The former Prime Minister and PML (N) were not entirely wrong in reacting to the decision as they did because the court not only put aside the principle of ‘restraint’ but also disqualified him on the ground that was not prayed by any of the petitioners. Even the biggest opponent of the PML (N) Imran Khan and the main petitioner has of late in a TV interview admitted that the verdict in the Panama case was very weak because Nawaz Sharif had been disqualified on the basis of ‘Iqama’ whereas the case was about Panama. That surely endorses the narrative of the former Prime Minister and his party. In my discourses on the Panama case during its hearing I persistently maintained that it was a case of political nature and the SC should not have entertained it in the first place. I also maintained that whatever the decision the judiciary it would not emerge unscathed from it. That is exactly what happened.
Then the judiciary in the disqualification case of Imran Khan which was exactly of the same nature as that of Nawaz Sharif, gave him relief instead of applying the principle that it set in the latter’s case. The legal and constitutional experts again took umbrage at it. It created an impression of selective justice in case of Imran Khan and witch-hunt in case of Nawaz Sharif.
The latest decision of SC debarring Nawaz Sharif from heading the party was very much expected in the backdrop of the controversy and the heat generated by earlier decisions of the SC. In the opinion of constitutional experts the apex court has again failed to exercise restraint and exhibited the propensity to trespass into the domain of the powers of the parliament. They contend that the court by declaring that the provisions of section 203 and 232 of Election Act 2017 are liable to be read, construed and interpreted subject to the provisions of Article 63 and 63, had actually made a new law which it was not competent to promulgate. The SC being infallible because it is final has no room to make such mistakes that constitute violation of the constitution.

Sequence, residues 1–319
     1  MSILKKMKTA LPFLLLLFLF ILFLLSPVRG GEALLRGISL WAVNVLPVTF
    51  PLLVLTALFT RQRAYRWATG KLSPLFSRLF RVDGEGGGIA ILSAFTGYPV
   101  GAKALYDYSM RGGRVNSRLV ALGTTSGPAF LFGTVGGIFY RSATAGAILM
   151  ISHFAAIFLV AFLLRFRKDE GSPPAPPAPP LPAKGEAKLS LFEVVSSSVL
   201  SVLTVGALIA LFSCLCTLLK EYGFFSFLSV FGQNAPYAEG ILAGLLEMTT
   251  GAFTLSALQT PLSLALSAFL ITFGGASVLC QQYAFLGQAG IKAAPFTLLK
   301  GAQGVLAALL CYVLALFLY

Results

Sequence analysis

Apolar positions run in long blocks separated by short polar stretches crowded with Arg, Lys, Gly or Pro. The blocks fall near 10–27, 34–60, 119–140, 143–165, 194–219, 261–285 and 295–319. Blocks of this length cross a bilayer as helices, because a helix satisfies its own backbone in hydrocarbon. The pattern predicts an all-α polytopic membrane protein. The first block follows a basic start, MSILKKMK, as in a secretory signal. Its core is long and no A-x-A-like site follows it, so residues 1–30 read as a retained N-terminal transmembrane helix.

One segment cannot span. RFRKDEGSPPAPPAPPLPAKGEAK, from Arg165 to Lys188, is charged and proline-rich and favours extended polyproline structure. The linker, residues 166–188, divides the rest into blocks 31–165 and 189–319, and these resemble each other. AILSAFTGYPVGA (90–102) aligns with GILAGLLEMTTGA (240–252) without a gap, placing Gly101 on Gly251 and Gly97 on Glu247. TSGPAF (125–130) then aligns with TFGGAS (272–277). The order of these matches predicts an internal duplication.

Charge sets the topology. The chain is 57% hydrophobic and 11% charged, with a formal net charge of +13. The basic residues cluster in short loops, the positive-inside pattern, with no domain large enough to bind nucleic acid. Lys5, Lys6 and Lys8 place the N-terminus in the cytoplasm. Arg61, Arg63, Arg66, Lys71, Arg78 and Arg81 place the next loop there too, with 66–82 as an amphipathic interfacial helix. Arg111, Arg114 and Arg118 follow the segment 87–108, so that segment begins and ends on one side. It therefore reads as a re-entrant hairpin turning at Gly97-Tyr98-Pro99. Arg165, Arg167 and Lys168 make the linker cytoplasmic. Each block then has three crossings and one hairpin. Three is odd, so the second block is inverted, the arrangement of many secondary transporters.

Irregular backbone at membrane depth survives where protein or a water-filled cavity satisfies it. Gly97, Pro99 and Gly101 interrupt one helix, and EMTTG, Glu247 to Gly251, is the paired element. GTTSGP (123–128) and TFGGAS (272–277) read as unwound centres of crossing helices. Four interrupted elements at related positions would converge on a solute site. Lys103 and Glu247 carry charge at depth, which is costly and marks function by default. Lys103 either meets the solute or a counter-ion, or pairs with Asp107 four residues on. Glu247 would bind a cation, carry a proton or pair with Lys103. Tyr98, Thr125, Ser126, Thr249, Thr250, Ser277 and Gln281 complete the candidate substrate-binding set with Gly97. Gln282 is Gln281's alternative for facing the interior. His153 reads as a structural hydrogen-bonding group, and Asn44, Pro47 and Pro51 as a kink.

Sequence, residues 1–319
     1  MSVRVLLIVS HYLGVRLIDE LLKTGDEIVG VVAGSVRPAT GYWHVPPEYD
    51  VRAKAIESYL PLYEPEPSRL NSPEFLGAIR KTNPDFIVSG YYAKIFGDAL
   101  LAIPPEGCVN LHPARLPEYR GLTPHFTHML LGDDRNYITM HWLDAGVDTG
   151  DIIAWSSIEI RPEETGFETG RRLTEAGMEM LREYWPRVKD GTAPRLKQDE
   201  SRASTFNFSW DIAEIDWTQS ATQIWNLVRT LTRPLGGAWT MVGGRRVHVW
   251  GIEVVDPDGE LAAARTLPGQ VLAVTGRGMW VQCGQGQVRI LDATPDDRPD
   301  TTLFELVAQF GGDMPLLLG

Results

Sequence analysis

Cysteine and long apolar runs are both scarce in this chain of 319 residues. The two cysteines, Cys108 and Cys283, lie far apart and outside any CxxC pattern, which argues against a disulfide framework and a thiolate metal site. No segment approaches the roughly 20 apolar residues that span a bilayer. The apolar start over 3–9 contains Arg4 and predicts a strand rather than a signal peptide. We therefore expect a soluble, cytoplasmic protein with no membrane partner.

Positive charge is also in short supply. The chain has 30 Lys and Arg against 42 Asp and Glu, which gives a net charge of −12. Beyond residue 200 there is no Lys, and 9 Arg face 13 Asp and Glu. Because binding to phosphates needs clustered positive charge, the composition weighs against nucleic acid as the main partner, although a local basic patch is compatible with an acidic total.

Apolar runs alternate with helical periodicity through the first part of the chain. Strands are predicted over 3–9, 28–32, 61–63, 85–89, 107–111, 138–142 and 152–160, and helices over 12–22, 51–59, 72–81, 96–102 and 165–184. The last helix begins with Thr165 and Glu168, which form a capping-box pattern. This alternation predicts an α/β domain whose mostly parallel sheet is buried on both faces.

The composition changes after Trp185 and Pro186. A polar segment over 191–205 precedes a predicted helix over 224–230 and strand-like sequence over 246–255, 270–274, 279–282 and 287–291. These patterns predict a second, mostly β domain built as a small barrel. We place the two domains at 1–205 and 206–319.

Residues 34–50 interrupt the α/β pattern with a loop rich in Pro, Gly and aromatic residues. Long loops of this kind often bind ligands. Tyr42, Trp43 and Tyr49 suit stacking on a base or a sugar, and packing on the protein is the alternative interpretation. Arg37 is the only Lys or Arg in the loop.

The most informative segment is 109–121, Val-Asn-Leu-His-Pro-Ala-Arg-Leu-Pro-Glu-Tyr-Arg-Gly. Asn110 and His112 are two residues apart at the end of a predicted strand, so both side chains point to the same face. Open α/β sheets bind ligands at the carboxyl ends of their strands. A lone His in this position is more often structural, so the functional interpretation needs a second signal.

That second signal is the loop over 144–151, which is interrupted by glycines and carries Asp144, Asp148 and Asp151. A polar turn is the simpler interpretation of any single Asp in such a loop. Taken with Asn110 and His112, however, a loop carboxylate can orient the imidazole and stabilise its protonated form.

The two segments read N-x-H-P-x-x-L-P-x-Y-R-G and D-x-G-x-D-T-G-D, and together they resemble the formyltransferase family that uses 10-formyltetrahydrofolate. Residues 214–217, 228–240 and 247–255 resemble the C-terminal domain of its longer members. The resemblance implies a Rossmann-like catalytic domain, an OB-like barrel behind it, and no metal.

There might not be any grand conspiracy at work here as conceived by certain quarters but the do-good savior instinct of SC reinforced by its presumption that it is a ‘people’ court endowed with epoch making opportunity to inject morality into the polity, is dragging the court into the political shrubbery. The need for rule of law and an independent judiciary can never the overstated. But the SC must tread carefully. While controversy might be a necessary corollary of politics, it does not belong to the halls of justice.
Judiciary is the most sanctimonious institution of the state on which its edifice is built. Therefore it has to dispense justice within the precincts of law and constitution to win the trust of the public. Justice Stephen Breyer of the US Supreme Court was right on money to have said ‘Public trust does not follow automatically from the existence of a written constitution. It must be built, and once built it must be maintained.
Unfortunately our judiciary has not been able to build the public trust. Those who believe in the constitutional rule and democracy as a system of governance are flabbergasted by the permeating tug of war among the state institutions and pondering where are we headed to? If the institutions including judiciary fail to opt for retreat, it could lead to disastrous consequences at a time when the country was engulfed by diabolical challenges and security threats.
The country has witnessed the emergence of judiciary as a new ‘saviour’, the concept which has been the bane of democracy taking root in the country as well as a root cause of one state institution trespassing into the domain of the other.